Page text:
I have learnt three surprising things in the past few weeks. One: Results of recent genetic testing revealed that I have considerably more French genes than either Luc or Léo. (Which doesn’t stop everyone referring to me as ‘l’Anglaise’.) Two: Hugo, the labrador, hates violin concertos with a passion, something he made quite clear last week, when I had the audacity to listen to Tchaikovsky’s Violin Concerto in D Major. He growled in distaste and scratched frantically at the door to flee the aural offensive. And three: there exist worse-behaved dogs than Hugo and Java. In a restaurant at the beach last weekend, there was a beautifully leggy and elegant red setter casually sauntering over the table tops, checking out the plates, their contents, and their owners, as if it was the most normal thing in the world. Red setters are notoriously batshit crazy and disobedient, so now of course, I want one.
Yesterday morning, we caught sight of a friend sitting outside in the car. When, 10 minutes later, he still hadn’t moved, Luc went out to get him. Our friend explained that he’d been waiting to see smoke coming out of the chimney before coming in, as he didn’t know whether we were awake. We will know for next time: three billows means coffee!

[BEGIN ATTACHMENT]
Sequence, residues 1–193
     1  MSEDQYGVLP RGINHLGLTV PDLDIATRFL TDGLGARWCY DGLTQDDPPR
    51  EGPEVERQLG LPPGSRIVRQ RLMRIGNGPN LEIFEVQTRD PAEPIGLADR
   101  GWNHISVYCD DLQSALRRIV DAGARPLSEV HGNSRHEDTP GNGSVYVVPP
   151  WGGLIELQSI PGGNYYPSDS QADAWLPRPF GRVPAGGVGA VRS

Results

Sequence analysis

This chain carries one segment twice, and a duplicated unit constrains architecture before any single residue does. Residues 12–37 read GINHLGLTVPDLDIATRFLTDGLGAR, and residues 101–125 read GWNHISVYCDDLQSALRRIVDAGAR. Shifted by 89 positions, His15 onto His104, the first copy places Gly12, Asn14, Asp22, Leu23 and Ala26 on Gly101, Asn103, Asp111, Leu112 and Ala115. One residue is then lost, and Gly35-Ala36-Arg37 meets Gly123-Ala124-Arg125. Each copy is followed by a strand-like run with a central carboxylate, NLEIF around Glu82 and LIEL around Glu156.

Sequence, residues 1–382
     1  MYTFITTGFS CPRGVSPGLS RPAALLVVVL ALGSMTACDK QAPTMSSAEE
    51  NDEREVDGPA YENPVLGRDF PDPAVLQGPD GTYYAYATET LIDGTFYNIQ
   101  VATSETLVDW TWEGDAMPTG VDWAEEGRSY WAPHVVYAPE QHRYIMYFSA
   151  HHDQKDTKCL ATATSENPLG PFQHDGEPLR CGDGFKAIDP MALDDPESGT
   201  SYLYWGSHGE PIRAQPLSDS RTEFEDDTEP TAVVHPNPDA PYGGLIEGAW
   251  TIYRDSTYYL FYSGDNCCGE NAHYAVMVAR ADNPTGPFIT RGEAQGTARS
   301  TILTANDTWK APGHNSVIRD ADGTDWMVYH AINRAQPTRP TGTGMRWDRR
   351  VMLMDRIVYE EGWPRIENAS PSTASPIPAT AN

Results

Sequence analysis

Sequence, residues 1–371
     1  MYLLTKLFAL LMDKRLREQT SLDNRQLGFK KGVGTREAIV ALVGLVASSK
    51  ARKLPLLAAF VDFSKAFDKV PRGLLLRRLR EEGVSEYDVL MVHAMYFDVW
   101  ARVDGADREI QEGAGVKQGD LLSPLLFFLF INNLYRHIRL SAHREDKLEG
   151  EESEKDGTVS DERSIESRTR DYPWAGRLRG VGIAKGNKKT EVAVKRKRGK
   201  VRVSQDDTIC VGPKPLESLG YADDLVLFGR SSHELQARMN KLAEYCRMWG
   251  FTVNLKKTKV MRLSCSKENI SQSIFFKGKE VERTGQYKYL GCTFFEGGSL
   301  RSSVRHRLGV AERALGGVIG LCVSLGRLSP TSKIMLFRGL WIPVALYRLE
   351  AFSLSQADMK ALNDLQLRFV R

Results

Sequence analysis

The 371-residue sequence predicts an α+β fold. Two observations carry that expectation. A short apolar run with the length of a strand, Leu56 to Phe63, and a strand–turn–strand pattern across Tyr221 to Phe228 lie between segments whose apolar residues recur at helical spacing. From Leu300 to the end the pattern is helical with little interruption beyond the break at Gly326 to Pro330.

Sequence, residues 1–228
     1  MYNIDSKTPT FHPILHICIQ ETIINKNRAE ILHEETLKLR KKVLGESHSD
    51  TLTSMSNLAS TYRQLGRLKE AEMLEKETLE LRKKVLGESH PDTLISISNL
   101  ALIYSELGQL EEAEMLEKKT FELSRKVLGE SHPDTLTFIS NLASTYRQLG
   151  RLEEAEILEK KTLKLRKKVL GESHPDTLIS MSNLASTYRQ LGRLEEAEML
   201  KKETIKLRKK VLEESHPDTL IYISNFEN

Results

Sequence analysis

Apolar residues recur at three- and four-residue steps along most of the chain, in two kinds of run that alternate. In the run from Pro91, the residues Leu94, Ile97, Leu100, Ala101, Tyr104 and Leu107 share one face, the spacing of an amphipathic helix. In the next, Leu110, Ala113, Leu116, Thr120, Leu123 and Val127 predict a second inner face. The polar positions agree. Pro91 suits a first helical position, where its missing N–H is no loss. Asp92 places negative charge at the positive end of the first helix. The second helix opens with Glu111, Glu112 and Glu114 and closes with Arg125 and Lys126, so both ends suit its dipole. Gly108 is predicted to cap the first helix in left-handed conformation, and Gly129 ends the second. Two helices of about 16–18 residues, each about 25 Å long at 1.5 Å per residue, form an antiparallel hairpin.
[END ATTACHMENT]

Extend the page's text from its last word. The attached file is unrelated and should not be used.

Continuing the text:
Once inside, coffee in hand, he told us that when he lived on a boat in Brasil, he had a parrot. At the time he was a very heavy smoker (the friend, not the parrot; everything seems to revolve around coffee and smoke with this guy!), but knew it was time to give up when the parrot started to cough every time he saw him! That must have been some pushy parrot, because he hasn’t touched a cigarette since…
Ingredients (serves 4)
225g puff pastry
4 medium onions, sliced
1 tsp sugar
200g goat’s cheese, sliced into rounds
4 sprigs of thyme
Sea salt, freshly ground black pepper
Preheat the oven to 180°C. Arrange the pastry in a baking sheet (or sheets). Melt the butter in a large frying pan and add the sliced onions, cover and fry gently for about 10 minutes, until softened. Remove the lid, add the sugar and continue to cook until golden and slightly caramelised. Spoon the onions onto the pastry, then top with the cheese and thyme, and season. Drizzle with oil and bake for 20 minutes.